In the Scientific American November issue cover story paleontologist Lars Werdelin of the Swedish Natural History Museum in Stockholm observes that the large-bodied carnivores inhabiting East Africa today represent a small fraction of the diversity this group once had. He argues that competition with humans for access to prey drove many of these species to extinction, starting more than two million years ago. It’s a bold hypothesis. Although researchers know that early humans began incorporating more meat into their diet around that time, the conventional wisdom is that ancestral population sizes were small. Could our few, comparatively wimpy ancestors really have beat the saber-toothed cats and other formidable carnivores at their own game? Werdelin makes a compelling case.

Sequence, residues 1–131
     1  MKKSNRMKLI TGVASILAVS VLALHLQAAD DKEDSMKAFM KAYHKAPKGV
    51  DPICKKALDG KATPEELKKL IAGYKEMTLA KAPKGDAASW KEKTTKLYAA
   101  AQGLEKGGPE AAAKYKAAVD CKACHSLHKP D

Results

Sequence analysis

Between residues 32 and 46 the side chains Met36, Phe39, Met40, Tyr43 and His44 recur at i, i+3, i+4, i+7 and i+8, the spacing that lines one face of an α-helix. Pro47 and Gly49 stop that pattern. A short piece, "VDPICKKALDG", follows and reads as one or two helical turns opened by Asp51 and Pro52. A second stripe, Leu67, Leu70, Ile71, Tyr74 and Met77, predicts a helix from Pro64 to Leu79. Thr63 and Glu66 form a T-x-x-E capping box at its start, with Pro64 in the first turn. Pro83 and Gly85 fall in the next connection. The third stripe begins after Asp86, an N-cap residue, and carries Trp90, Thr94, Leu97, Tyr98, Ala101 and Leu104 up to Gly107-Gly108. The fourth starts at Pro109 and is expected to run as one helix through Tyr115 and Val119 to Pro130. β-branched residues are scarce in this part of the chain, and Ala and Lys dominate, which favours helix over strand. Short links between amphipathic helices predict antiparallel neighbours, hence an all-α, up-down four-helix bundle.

Readers might wonder whether climate change better explains the decline of these beasts. Shifting climate drove many faunal changes over the past few million years, but it does not seem to be the culprit in this case of disappearing large carnivores. For one thing, if climate change were the cause, one would expect small carnivores to decline, too. Yet studies indicate that they experienced no such downturn. As the chart below shows, unlike their large counterparts, small carnivores did not lose any functional richness (dietary diversity) in that time. In fact, the data hint that this group’s functional richness may have even increased, although that apparent uptick may just be an artifact of the better preservation of younger fossils compared with older ones.